Or take Senator Josh Hawley, the populist Missouri Republican, who wants to break up social media companies, curtail free trade and impose heavy-handed regulation on drug prices.

Of course, being pro-business is not the same as being in favor of free markets. It may be reasonable, for example, for pro-market conservatives to favor more vigorous antitrust enforcement to keep markets competitive even though incumbent, large businesses would be opposed. But Trump and his supporters don’t side with free markets ahead of big business — instead, they often cast their lot with big government and industrial policy.

Second, the business community feels a sense of civic responsibility in the face of some of the most troubling aspects of today’s GOP. Trump’s shameful response to the 2017 white nationalist riot in Charlottesville, Virginia led Merck’s chief executive to resign from a White House business council. Charlottesville was a turning point for many corporate leaders.

Similarly, the fact that some GOP leaders are unwilling to clearly and forcefully acknowledge that President Joe Biden’s 2020 election victory was fairly won probably plays a similar role. If important segments of the GOP won’t back the result of a fair election, then the party is threatening the basic social stability that is a prerequisite for long-term prosperity and business success.

Finally, many businesses are adopting the aesthetics of the left’s cultural agenda, derided as "wokeism" by its critics. These businesses are trying to gain market share and to attract and retain customers and employees by revising their approaches to race, sex, climate change and other divisive topics. The effort is costing them support among Republicans.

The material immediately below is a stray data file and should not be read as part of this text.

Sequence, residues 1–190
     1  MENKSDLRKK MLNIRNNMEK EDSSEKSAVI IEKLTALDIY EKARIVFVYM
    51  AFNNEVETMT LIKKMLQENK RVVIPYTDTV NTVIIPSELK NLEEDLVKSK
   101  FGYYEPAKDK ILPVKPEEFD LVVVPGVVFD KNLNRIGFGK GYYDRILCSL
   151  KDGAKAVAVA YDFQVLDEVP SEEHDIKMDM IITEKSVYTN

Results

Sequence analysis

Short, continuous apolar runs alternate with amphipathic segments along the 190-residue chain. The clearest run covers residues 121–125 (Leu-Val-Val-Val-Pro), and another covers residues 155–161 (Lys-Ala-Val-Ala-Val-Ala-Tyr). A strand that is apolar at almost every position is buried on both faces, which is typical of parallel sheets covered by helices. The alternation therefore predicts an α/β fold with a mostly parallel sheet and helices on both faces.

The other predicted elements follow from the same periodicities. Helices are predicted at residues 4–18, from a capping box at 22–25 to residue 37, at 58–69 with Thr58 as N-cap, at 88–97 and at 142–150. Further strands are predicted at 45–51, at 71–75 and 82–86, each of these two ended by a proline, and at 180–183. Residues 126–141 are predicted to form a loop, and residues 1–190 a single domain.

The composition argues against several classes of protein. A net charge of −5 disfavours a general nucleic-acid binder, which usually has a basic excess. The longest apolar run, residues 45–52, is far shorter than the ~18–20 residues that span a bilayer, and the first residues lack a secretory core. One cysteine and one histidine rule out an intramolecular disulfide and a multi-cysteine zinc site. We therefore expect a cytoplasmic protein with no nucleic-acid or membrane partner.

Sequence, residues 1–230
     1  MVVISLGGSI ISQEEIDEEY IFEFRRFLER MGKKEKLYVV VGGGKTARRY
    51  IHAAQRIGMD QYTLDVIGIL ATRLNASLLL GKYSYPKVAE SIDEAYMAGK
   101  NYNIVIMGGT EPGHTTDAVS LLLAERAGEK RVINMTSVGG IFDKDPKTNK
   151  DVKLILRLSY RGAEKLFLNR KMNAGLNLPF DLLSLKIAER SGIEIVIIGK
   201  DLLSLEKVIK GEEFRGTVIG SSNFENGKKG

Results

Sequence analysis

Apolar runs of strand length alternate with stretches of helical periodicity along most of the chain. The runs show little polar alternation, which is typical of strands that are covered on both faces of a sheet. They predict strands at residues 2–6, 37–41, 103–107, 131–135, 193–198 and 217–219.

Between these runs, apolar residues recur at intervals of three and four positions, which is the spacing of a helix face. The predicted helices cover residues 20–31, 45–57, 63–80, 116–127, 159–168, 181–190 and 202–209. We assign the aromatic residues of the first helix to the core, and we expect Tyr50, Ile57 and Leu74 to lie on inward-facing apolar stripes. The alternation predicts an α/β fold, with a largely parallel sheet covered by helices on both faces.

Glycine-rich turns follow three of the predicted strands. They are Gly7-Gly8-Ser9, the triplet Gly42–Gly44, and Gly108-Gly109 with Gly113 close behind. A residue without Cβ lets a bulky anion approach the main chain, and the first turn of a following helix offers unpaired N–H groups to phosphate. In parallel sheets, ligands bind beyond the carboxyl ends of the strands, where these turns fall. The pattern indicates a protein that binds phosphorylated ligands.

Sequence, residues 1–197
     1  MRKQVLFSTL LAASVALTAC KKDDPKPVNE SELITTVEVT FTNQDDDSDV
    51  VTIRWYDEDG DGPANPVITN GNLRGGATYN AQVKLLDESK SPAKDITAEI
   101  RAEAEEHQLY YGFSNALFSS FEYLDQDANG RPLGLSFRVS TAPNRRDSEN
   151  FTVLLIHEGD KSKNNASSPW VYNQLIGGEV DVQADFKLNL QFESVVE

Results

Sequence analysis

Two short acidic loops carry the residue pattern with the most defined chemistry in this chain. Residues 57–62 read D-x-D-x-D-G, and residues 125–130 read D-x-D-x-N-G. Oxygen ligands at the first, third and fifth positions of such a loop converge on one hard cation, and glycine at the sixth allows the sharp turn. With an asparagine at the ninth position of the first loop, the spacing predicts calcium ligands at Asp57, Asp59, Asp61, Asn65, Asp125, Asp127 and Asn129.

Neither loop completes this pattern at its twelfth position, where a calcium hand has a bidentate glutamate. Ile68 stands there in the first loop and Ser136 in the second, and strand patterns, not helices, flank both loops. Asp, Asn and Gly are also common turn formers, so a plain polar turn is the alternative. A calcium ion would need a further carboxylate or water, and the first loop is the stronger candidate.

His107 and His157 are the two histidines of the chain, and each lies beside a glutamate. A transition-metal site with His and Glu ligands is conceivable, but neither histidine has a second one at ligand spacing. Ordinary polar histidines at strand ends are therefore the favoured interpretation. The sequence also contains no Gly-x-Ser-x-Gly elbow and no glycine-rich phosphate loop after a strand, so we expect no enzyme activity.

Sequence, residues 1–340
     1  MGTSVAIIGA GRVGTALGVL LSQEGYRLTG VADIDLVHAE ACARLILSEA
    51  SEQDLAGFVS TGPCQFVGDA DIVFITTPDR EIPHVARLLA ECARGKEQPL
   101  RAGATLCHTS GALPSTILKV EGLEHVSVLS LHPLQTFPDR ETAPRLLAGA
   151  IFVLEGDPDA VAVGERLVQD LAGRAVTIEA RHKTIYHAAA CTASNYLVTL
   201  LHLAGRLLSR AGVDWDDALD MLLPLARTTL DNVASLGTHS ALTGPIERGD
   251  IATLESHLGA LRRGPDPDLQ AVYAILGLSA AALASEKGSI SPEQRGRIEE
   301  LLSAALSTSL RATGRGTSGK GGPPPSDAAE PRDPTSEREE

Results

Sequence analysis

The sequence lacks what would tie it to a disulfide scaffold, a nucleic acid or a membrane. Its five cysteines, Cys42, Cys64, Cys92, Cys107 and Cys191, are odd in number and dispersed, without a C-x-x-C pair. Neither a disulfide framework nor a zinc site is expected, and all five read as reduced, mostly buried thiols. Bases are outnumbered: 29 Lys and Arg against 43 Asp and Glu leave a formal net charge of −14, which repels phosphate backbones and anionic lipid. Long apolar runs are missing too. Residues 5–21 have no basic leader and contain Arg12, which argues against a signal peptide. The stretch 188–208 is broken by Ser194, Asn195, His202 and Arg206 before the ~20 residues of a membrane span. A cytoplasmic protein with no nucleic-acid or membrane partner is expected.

In response, business leaders are hedging their bets and trying to make inroads with Democrats. The challenge facing them is that the Democratic Party remains even less friendly to its interests than the GOP, despite all the latter’s shortcomings.

Take those 23 House Democrats endorsed by the Chamber. Fifteen of them won reelection, and each voted in favor of the Protecting the Right to Organize Act, which the Chamber called a "wish list of union-sponsored priorities" that "harms employees, threatens job creation, and undermines our economic recovery."

Likewise, under Biden, Democrats are pushing for higher taxes on corporations and entrepreneurs, and for increasing the regulatory burden on businesses.

These episodes show that the business community is wise to remain part of the broader Republican coalition, but to put some additional distance between itself and the GOP. It should continue to make inroads with Democrats, emboldened by the bipartisan infrastructure bill. The Chamber pushed hard for that bill among members of both parties, with success. And it needs to go back to basics, reminding elected officials and the public why its interests are aligned with the nation’s long-term prosperity.

Executives have no choice but to ride out the populist storm. For some time to come, like many others in this bizarre period, big business is becoming a community without a political party.

This column does not necessarily reflect the opinion of the editorial board or Bloomberg LP and its owners. Michael R. Strain is a Bloomberg Opinion columnist. He is director of economic policy studies and Arthur F. Burns Scholar in Political Economy at the American Enterprise Institute. He is the author of "The American Dream Is Not Dead: (But Populism Could Kill It)."